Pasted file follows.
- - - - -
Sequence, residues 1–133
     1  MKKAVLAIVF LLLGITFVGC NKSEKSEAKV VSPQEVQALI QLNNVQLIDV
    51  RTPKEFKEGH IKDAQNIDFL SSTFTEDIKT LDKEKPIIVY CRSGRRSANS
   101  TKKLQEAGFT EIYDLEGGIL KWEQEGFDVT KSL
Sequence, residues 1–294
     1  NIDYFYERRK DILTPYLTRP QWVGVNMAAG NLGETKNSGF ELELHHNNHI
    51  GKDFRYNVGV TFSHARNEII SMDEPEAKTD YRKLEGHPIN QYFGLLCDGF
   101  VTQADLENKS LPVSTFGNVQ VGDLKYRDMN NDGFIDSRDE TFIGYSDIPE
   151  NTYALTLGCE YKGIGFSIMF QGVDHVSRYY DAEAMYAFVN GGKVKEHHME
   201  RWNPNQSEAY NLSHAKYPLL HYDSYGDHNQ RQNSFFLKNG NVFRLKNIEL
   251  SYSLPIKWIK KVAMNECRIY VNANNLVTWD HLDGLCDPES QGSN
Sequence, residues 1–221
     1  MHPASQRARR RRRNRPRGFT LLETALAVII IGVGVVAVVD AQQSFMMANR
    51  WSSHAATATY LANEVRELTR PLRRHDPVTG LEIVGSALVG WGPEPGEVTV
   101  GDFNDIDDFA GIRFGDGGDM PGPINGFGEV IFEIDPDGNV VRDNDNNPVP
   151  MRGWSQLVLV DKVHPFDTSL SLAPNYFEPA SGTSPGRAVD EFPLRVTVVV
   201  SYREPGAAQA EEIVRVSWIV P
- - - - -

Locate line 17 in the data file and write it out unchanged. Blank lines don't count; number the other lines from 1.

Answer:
   201  SYREPGAAQA EEIVRVSWIV P